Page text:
Inventory Shortages Continue to Drive Bay Area Housing Prices.
While the most recent Gallup poll indicates that the rising price of gas has impacted confidence in the U.S. economy, a February report by Fannie Mae shows that Americans are still growing optimistic about their ability to find a home, get a mortgage, and become homeowners. But in California — where inventory has been consistently low and many buyers have had a difficult time purchasing homes — a question arises: Is this optimism finding its way into Bay Area real estate where Bay Area housing prices are volatile?
Let’s look at the past few months in the San Francisco metropolitan area. As predicted, there was a slowdown in much of the data between November and January. For instance, the median sale price dropped about 9% in January, marking the first point since February of 2013 where the average list price was higher than the closing price. In that same timeframe, the number of homes sold shrunk, partly due to the fact that significantly fewer properties were added to the market over the holidays. The average time it took a property to sell also grew, peaking at 39 days in December.
That being said, February’s data might indicate a reversal of many of those trends and another optimistic year for Bay Area real estate—at least for sellers. In our area of focus (which consists primarily of Alameda and Contra Costa counties) closing prices are already jumped 7% from their January slump. Even better, at $500,000, the median closing price was 11% higher than in February 2014 and a staggering 43% higher than in 2013. And while the typical home recently took longer to sell than in past years (December 2014’s peak is the highest in the last 24 months), the current “days on market” figure is only 28 days—its shortest time since last summer.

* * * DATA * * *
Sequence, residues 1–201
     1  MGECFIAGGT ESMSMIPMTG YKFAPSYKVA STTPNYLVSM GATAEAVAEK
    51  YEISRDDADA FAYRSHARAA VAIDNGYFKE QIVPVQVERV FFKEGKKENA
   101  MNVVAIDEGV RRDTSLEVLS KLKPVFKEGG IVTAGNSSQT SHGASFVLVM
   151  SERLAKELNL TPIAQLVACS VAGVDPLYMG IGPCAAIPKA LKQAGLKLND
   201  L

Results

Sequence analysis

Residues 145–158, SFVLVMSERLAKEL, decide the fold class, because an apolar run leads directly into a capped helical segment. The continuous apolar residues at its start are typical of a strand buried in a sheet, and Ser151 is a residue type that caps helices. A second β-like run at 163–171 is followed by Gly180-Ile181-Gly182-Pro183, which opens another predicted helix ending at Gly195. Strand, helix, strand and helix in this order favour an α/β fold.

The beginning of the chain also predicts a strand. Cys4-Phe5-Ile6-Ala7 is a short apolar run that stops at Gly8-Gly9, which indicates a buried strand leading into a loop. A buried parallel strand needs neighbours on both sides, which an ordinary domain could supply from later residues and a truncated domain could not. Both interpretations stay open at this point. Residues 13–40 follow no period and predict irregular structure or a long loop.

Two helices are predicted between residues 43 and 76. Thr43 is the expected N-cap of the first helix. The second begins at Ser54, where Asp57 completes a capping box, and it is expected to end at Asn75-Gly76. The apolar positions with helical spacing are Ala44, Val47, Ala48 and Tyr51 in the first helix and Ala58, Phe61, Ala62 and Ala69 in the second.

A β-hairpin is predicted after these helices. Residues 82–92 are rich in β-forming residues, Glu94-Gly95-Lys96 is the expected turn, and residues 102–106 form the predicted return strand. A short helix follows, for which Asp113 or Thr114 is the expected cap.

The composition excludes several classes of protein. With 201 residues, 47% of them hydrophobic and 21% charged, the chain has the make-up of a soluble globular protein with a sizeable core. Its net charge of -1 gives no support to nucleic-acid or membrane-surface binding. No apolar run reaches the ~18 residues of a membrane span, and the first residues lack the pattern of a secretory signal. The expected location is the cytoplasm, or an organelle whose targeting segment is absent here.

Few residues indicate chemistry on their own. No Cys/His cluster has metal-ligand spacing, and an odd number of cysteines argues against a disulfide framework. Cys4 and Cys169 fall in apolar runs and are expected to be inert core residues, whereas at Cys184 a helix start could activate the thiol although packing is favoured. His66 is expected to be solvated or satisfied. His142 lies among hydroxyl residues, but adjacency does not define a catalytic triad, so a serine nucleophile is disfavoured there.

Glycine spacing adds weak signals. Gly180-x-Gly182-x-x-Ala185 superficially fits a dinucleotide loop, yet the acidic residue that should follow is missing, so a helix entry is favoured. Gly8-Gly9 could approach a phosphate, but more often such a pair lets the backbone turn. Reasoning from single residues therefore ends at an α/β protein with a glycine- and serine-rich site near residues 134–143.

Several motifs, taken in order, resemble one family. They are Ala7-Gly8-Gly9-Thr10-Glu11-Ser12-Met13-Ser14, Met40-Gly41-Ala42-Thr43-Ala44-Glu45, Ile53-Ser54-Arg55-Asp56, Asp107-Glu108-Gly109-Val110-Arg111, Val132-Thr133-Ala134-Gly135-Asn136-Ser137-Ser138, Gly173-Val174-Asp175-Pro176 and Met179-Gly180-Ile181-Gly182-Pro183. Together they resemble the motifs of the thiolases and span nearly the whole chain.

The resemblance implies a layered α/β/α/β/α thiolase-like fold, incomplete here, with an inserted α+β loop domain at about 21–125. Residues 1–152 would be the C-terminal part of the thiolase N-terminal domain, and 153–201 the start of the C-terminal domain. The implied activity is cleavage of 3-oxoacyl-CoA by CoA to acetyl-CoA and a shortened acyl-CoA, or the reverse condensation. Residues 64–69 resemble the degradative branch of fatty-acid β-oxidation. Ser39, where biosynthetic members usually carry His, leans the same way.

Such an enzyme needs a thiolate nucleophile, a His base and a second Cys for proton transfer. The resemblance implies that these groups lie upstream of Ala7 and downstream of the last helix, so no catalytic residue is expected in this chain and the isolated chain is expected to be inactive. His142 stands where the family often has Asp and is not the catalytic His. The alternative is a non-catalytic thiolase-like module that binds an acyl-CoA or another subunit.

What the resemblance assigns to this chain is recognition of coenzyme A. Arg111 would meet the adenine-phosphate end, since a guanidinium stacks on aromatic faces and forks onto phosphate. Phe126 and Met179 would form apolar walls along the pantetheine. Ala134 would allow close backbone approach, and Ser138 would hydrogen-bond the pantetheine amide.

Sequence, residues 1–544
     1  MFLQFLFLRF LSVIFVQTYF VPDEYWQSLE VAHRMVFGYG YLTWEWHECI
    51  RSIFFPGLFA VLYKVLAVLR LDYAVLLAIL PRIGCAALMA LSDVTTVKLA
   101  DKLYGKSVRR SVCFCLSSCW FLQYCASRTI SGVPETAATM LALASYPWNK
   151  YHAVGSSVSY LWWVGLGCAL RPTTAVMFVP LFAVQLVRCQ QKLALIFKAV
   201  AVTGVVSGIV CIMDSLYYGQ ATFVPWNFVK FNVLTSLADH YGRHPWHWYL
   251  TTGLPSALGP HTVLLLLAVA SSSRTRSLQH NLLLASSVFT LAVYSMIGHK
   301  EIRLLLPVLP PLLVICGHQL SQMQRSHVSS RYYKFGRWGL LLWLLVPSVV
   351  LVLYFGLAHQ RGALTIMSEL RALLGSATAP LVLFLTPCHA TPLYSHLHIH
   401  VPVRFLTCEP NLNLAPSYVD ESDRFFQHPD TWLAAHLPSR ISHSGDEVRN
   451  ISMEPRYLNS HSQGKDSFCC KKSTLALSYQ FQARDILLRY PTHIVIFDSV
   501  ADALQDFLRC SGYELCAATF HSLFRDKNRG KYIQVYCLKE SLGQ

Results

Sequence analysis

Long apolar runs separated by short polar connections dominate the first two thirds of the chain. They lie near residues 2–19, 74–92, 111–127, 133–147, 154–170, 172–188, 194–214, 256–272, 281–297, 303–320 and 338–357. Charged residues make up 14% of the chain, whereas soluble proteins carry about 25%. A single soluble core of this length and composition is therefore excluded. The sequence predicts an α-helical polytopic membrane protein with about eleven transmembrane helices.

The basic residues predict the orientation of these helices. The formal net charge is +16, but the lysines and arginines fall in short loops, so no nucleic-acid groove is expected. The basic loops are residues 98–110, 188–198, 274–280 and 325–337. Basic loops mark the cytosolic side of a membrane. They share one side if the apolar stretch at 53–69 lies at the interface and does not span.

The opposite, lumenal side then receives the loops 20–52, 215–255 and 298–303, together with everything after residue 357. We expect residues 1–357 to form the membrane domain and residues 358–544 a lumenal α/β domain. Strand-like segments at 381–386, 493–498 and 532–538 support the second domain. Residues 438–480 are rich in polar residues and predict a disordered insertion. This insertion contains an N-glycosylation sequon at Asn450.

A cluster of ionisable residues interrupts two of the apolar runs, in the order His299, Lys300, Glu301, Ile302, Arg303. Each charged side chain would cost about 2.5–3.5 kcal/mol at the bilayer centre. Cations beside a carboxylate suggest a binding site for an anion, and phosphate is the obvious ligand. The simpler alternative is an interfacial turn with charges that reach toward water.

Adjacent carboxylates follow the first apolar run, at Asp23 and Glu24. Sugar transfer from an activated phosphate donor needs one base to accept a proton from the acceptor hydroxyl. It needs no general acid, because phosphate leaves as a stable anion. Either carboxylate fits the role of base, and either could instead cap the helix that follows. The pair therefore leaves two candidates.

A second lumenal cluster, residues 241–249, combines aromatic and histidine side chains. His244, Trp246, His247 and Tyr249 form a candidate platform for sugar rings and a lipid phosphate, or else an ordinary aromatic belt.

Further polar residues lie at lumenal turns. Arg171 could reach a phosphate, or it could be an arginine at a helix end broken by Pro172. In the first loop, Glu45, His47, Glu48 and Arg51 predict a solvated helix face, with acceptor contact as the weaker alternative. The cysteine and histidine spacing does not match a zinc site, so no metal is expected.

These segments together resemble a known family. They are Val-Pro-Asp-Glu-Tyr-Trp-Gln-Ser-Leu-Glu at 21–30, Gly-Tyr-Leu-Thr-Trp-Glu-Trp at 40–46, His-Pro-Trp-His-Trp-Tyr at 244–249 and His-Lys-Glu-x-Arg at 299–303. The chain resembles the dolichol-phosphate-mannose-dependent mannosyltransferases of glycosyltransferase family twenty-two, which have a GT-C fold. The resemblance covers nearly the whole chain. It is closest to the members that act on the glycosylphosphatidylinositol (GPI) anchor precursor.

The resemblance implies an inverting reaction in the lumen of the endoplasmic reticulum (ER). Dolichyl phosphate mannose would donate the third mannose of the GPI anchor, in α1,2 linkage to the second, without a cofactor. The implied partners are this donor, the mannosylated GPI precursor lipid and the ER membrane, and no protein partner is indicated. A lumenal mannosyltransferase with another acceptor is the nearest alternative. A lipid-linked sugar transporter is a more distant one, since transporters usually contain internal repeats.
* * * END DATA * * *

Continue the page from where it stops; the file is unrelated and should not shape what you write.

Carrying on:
In sum, February could be a fantastic start for spring sales. But at 1.2 “months” of supply, inventory remains exceptionally low. So low, in fact, that it’s been two years since we last saw these numbers. That’s a good thing for homeowners—it gives them greater influence over housing prices, for example — yet it leaves many prospective buyers wondering if the biggest hurdles to home ownership in the Bay Area aren’t mortgages and interest rates, but simply availability. In the short-term, this is a problem that can only be solved if more homeowners choose to sell.
We should have a better view of the market trends leading into the spring when the data for March home sales becomes available next week. In the meantime, if you are interested in taking advantage of persistent inventory shortages by placing your Bay Area home on the market this spring or summer, we’d love to help get you started on the right foot. Contact us today!